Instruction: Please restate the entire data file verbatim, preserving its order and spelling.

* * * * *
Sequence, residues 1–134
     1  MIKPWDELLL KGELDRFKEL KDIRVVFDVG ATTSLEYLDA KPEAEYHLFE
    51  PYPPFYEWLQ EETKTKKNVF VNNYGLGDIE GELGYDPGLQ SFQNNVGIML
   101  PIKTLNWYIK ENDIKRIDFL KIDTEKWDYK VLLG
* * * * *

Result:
Sequence, residues 1–134
     1  MIKPWDELLL KGELDRFKEL KDIRVVFDVG ATTSLEYLDA KPEAEYHLFE
    51  PYPPFYEWLQ EETKTKKNVF VNNYGLGDIE GELGYDPGLQ SFQNNVGIML
   101  PIKTLNWYIK ENDIKRIDFL KIDTEKWDYK VLLG